Gun control

People with guns are definitely killing people.  The U.S. second amendment is clearly, should you look at its historical context, meant to guarantee citizens the right to bear arms precisely to resist an over-reaching state. Emphasis mine: "In a 5-4 decision, the [United States Supreme] Court,  meticulously detailing the history and tradition of the Second Amendment at the time of the Constitutional Convention , proclaimed that the Second Amendment established an individual right for U.S. citizens to possess firearms and struck down the D.C. handgun ban as violative of that right. " -- The U.S. Constitution is the instrument whereby the Citizens of the United States delegate the partial exercise of *their* sovereign power. That instrument specifically forbids disarming the citizenry. The interpretation that 'militia' somehow puts that power right back in the hands of the state is without merit.  Because

Biotechnology Malfeasance

Below is a submission that I made to CBAC. This was a cynical process that was dressed up as a public consultation but was in fact a 'pro-forma' exercise to rubber-stamp a decision already made without public input. As it turned out, public consultation showed that the public was near universally opposed to the legislation contemplated and ultimately passed.  Comments on the document: Interim Report of the Canadian Biotechnology Advisory Committee to the Biotechnology Ministerial Coordinating Committee The original source of the document reviewed was here: . This has since been removed. However, I found what appears to be the same document archive here: About me: I make my living as a software developer and researcher. I have a Bachelor of Science degree (major in Biology). I have no particular vested interest here, other than as a member of the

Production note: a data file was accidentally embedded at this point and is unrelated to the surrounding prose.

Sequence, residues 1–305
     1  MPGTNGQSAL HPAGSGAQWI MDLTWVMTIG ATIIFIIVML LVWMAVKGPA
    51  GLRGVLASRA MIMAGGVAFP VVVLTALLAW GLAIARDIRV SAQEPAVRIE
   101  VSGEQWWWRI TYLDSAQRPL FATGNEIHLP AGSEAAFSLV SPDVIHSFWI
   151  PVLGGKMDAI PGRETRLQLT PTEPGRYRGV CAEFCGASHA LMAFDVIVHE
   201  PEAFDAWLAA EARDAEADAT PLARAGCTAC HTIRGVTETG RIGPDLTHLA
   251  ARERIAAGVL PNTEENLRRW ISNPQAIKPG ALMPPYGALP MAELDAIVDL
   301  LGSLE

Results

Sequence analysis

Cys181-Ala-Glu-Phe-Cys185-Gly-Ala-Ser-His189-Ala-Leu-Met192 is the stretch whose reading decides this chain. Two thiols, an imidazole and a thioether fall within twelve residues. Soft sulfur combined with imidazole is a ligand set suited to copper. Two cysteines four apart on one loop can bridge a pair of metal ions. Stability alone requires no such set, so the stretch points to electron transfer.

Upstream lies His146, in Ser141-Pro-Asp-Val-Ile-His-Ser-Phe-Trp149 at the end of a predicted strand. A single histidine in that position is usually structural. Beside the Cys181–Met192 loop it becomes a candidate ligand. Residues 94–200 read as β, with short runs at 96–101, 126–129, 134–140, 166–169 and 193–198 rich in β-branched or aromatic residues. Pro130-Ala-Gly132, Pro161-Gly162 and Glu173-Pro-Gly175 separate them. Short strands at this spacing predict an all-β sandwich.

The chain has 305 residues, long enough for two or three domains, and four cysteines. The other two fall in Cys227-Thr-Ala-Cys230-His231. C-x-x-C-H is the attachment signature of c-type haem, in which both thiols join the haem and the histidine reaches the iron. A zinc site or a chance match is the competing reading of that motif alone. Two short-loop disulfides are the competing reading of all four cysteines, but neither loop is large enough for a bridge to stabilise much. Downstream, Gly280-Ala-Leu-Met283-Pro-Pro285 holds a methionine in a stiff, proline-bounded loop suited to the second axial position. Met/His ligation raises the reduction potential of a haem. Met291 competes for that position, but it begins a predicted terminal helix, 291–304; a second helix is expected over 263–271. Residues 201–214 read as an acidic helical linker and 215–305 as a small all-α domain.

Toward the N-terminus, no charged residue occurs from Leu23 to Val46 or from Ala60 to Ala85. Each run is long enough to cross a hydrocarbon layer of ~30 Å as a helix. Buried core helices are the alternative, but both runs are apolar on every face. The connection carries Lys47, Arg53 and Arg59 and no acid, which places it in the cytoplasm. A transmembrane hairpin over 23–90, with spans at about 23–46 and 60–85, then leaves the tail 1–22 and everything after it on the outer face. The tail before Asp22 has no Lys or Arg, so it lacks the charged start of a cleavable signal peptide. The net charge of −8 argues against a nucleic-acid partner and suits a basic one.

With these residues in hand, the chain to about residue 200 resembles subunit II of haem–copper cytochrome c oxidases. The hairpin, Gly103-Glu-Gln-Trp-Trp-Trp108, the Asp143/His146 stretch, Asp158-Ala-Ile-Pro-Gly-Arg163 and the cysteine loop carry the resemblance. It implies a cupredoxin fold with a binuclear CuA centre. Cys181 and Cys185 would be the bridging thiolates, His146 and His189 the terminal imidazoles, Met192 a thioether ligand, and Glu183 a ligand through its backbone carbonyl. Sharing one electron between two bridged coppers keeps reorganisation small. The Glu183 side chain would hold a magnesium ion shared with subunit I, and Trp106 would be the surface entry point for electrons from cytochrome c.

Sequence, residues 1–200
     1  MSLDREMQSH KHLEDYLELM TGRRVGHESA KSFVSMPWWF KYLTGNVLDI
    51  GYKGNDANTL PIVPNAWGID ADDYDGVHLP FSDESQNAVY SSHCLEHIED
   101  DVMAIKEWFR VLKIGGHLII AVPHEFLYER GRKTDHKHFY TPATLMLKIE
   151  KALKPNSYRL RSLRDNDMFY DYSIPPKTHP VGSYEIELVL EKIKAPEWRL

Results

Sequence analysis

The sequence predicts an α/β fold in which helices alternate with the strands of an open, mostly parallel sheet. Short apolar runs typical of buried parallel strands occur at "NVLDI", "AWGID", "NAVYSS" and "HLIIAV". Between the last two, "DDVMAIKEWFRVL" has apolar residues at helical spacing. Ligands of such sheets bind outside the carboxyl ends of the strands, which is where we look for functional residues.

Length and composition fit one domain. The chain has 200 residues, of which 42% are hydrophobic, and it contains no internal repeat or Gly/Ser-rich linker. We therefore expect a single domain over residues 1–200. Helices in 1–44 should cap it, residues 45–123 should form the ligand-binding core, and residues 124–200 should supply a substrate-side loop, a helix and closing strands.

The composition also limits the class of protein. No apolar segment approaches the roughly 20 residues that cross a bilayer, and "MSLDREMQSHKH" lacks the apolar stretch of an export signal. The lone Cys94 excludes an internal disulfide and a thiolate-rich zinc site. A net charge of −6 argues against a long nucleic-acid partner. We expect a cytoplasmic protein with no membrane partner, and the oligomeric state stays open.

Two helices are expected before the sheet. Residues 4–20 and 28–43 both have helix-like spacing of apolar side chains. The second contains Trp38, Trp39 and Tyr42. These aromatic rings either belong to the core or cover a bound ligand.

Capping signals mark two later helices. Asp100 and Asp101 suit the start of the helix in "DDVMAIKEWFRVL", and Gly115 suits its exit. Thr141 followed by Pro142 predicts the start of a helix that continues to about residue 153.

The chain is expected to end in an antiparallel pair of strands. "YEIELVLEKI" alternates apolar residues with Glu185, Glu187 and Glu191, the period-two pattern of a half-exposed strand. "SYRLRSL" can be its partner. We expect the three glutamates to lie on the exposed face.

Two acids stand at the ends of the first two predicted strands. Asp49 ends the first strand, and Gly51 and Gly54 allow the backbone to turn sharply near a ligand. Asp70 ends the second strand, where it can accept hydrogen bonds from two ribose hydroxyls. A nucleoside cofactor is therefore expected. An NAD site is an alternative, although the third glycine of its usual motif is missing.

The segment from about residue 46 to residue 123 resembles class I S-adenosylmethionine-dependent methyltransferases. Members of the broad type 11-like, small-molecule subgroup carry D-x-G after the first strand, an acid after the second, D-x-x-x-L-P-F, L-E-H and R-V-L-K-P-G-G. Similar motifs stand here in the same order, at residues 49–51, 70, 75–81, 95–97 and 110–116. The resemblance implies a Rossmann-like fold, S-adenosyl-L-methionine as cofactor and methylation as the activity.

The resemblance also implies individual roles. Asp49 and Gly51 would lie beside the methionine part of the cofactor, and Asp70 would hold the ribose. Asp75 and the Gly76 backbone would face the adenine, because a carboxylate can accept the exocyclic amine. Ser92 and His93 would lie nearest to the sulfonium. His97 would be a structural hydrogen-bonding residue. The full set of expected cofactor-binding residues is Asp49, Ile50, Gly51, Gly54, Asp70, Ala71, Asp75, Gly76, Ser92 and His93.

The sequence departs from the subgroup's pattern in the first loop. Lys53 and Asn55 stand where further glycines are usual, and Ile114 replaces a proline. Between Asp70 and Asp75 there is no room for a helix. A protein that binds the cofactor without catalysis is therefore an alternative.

The Network Endgame

I believe that Facebook remains a significant threat to not only Google, but most of the other players in cyberspace as well. In fact, right now, Facebook is *the* significant threat. If I were in charge of Google I would be working furiously to contain this threat while there is still some chance. We may be past that point already. In the absence of any real competition and barring any serious misstep on their part, Facebook will swallow its competition on all sides. There will be one dominant player in cyberspace and it will be a social network. Right now, Facebook is the one to beat. It reached critical mass at least around the 500 MAU mark or so. This is an inevitable outcome of the mathematics of 'Group Forming Networks'. The compounded force of the interlocking networks makes Facebook extraordinarily sticky. In fact, mathematically, the acceleration toward the center of such a network exceeds that of gravity. For Facebook, the battle has been all but won and it

Facebook vs Google

Facebook presents unique challenges to Google. In my opinion the game has gone to Facebook. The only thing that can stop it is some combination of: 1) Government interference 2) Aggressive action by big players like Google, Apple, Microsoft, Amazon, etc. 3) Big missteps by Facebook management 4) Dramatic sabotage 5) An aggressive, disruptive competitor Many appear to underestimate the threat presented by Facebook. People are motivated to 'act' when they use a search engine looking to buy something. They will be more receptive to specific relevant advertising. However, Facebook is increasingly in a better position to know who will buy and when. Search engines have a query string and perhaps a little history. As they refine the system, Facebook will have much more. They will only put ads where they will be most effective. An advertisement on Facebook will ultimately anticipate the search before it even happens. You will eventually not be able to present you